General Motors’ German unit Adam Opel reportedly said on Friday it wants to freeze workers’ pay to the end of 2009 and extend the work week to 40 hours from 35 without raising wages, confirming a report in Germany’s Bild newspaper.

According to Reuters, the paper said other demands that the carmaker presented to its labour force in wage talks that started this week included cutting year-end and holiday bonuses and reducing extra pay for working late and weekend shifts.

An Opel spokesman told the news agency the details of the report were accurate but declined further comment, saying the company did not want to get into a public debate about the negotiations.

The company’s works council declined comment on what the paper called management’s “torture list”, Reuters noted.

The works council reportedly said on Wednesday it was seeking job guarantees until at least 2010, while management wanted to lower pay and add working hours for more than 30,000 staff.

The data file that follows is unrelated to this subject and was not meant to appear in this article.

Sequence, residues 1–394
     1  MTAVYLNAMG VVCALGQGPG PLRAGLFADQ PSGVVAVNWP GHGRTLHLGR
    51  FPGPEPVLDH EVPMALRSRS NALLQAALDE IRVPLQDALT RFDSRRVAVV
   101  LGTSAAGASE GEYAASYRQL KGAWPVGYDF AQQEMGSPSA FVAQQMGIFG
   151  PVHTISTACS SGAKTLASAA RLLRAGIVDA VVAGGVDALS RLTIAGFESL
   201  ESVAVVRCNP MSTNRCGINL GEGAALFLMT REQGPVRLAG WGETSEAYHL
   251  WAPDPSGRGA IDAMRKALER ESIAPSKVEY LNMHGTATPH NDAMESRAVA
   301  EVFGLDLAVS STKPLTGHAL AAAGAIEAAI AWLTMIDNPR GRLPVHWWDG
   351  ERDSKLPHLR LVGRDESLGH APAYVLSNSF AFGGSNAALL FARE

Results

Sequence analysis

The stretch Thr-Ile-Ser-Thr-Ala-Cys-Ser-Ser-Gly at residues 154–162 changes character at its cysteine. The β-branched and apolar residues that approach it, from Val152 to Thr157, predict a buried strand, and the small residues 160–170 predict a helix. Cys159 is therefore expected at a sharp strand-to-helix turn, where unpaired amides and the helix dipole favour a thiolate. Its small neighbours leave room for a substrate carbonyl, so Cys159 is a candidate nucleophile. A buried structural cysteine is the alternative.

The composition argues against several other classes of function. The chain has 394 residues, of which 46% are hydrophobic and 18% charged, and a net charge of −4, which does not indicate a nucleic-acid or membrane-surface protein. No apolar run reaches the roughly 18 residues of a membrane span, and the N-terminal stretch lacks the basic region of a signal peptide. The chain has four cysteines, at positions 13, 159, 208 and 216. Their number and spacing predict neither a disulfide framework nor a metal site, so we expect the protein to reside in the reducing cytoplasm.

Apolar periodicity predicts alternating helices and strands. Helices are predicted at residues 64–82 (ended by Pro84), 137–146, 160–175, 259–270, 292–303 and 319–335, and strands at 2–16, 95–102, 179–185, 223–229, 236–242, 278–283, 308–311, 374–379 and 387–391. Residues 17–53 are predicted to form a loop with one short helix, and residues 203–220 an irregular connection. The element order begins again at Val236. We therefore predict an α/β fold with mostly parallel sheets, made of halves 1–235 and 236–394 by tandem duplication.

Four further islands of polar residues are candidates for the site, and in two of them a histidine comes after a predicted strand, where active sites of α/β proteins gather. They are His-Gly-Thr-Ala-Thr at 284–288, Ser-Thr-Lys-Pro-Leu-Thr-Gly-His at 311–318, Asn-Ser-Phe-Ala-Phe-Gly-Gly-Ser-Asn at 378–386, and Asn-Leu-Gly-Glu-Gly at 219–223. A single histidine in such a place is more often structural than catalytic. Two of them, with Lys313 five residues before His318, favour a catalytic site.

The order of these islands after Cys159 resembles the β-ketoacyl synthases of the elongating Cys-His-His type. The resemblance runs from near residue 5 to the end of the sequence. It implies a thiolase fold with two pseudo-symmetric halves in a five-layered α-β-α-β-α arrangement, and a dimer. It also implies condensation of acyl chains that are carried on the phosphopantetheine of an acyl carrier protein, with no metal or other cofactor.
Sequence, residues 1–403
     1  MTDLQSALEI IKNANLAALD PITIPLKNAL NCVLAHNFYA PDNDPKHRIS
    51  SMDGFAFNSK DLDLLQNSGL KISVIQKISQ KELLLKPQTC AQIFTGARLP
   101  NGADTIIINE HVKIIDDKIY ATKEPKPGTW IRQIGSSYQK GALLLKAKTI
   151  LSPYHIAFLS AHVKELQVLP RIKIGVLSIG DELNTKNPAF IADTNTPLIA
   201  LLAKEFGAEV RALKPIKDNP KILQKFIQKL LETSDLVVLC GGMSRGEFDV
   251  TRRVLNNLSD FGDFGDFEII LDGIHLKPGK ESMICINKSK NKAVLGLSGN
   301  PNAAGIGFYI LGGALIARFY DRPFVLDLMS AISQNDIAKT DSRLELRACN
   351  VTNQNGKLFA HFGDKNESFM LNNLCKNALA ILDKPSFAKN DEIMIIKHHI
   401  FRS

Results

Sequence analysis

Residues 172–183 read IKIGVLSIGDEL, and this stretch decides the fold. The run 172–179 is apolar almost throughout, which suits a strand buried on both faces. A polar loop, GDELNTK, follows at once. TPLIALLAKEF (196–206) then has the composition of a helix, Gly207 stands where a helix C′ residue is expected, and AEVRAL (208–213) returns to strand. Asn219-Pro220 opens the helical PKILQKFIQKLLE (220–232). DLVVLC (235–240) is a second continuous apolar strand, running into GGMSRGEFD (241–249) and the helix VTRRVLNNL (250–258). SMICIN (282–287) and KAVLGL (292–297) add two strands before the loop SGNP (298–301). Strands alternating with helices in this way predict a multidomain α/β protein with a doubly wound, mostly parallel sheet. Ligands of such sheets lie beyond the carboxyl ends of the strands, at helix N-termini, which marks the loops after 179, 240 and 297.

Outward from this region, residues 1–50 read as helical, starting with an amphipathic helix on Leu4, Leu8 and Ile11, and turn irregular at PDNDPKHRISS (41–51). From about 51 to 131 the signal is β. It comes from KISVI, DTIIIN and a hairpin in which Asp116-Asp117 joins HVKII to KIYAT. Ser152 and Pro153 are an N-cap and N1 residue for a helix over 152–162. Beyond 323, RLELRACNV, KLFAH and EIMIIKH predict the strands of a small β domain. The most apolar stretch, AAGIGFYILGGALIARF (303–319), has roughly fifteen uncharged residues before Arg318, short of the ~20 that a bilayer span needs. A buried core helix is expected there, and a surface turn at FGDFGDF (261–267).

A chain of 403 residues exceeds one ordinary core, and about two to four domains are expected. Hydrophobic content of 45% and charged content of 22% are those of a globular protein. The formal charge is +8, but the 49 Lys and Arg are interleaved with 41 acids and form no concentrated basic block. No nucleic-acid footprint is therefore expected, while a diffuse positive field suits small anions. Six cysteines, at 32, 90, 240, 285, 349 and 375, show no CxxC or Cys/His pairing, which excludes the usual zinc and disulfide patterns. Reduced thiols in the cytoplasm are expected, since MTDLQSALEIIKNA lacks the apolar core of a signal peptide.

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Workers also want management to promise capacity and development projects for each plant and maintain training levels at the talks, set to run into late October, the report added.

Reuters said the negotiating stances reflect those at other big carmakers in Germany, where employers are seeking tough concessions from workers in order to boost competitiveness at a time of slack demand, pressure on prices and capacity overhang. The talks are seen as a test of workers’ willingness to ease rigid work rules in return for job security in a process that could spur Europe’s biggest economy.

Volkswagen, Europe’s biggest carmaker, this week proposed a two-year wage freeze and a shift to more performance-related pay as a step toward cutting its German labour costs by 30% in six years, the report added. The IG Metall metalworkers union and VW’s works council have insisted on a 4% pay rise and 10-year job guarantees in wage talks that start next month.

Last month, Reuters said, DaimlerChrysler agreed €500 million euros ($US604 million) in annual cost savings from workers from 2007 in return for guaranteeing 160,000 jobs in Germany until 2012.